Ever since I got my hands on a contactless payment card, the chip-and-pin system feels archaic to me. I know it sounds petty (it’s only 4 digits after all), but in comparison to a ‘tap and pay’ experience entering my pin number feels more long-winded than I’d like.

That’s why I was excited to try out Gemalto’s contactless wristband for myself, and I have to say that it’s a really impressive preview of what mainstream contactless payments could be. I got a chance to try it out at a Rugby match recently and it was effortless; all I had to do was raise my wrist up to the card machine, tap, and the payment was made. Check out this short video of the wristband in action, and my overall thoughts on it:

So without diving into the geeky stuff too much (you can read more about it here), the contactless wristband I used includes something called an “Optelio Contactless ​MiniTag”. It’s a very small, waterproof contactless card that can be used on a keychain or a wristband, like Saracens Rugby club have.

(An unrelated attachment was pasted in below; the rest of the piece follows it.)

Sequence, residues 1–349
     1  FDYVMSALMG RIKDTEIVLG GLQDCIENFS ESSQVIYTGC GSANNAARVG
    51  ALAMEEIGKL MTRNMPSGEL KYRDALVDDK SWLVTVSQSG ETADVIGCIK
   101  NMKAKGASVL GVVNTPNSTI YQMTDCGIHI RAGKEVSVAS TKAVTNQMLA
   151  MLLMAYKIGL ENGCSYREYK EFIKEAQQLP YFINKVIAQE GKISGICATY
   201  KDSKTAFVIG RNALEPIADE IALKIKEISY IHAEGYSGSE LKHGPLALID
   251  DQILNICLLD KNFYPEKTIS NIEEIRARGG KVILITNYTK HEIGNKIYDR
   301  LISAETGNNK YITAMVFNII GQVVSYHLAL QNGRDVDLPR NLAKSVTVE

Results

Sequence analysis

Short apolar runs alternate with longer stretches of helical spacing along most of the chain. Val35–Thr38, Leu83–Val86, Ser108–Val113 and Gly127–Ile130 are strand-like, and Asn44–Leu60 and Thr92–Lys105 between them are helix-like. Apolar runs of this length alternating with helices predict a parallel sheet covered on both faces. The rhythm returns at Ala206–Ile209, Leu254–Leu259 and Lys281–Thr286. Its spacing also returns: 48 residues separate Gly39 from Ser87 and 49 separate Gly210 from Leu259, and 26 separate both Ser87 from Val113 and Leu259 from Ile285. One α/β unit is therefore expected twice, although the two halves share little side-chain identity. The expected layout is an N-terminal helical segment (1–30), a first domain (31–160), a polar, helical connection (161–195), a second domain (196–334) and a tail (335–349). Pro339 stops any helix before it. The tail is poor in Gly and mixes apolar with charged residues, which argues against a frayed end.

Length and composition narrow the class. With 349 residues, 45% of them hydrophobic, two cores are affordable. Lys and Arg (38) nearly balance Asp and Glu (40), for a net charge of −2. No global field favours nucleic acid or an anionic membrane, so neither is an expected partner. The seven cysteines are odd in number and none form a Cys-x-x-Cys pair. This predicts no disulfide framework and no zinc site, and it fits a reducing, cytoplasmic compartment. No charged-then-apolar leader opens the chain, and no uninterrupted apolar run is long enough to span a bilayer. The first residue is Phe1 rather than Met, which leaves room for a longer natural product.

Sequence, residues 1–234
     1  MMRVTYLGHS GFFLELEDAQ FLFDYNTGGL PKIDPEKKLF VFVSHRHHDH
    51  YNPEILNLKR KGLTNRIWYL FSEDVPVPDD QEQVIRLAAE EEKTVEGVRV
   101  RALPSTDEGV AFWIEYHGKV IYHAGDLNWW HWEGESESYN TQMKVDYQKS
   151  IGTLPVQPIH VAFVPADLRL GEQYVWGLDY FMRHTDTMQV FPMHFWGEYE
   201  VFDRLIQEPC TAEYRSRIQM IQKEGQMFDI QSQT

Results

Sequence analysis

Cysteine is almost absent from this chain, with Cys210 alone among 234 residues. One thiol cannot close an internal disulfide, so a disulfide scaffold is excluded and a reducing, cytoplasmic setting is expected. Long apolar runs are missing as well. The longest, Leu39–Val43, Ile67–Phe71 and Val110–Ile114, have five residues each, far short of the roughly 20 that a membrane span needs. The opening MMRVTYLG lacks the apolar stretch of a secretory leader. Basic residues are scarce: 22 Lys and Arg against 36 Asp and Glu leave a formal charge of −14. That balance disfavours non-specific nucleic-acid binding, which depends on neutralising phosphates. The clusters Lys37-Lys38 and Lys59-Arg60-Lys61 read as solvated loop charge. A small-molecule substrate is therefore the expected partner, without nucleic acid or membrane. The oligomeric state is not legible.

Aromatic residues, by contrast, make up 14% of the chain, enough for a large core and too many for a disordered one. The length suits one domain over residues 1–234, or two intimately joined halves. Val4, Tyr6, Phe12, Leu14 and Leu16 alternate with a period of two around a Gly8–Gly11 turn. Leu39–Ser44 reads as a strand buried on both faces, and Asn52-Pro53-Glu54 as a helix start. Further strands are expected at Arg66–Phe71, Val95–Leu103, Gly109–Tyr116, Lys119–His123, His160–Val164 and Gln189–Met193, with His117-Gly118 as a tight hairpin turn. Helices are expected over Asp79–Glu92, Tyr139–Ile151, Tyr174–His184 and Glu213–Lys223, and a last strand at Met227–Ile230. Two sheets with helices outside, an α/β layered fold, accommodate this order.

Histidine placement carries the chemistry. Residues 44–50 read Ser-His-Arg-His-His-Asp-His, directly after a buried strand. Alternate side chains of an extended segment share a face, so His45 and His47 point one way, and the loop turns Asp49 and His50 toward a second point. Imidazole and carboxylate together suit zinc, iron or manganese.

Having spent the day at the stadium I actually think this tech has a lot of potential. There were hundreds of fans were wearing supporter wristbands as it was, and the prospect of using a branded wristband which also allows you to pay for stuff at the stadium and your commute home is very appealing and convenient.

It isn’t limited to use in sports stadiums either. I can see this sort of payment technology being successful at places like music festivals, theme parks, holiday resorts and night clubs too. The way I see it: any place where you don’t really want to be carrying a wallet or cash, but want the ability to pay quickly and easily.

One of the strongest use-cases for wristbands like these are in family-orientated environments (like the aforementioned theme parks), where perhaps the parent wants to give their kids £10-20 to spend. Rather than handing out cash or cards which can get lost, Gemalto’s tech makes it easy to allocate a pre-set amount to each wristband. To top that off, these things are great for safety too: unlike cash or cards, wristbands are covert and don’t attract unwanted attention from thieves.

To finish off I’ll leave you guys with a video from Gemalto which explains the tech in a little more detail. Enjoy!


Fabio Virgi

I'm the Founder & Editor of Let's Talk Tech and a travel blog called Fab Meets World. Some people call me a geek, I think they're probably right. I'm fascinated by technology and innovation, love good design and own way too many gadgets for my own good. Want to connect? Get in touch on Twitter and Instagram.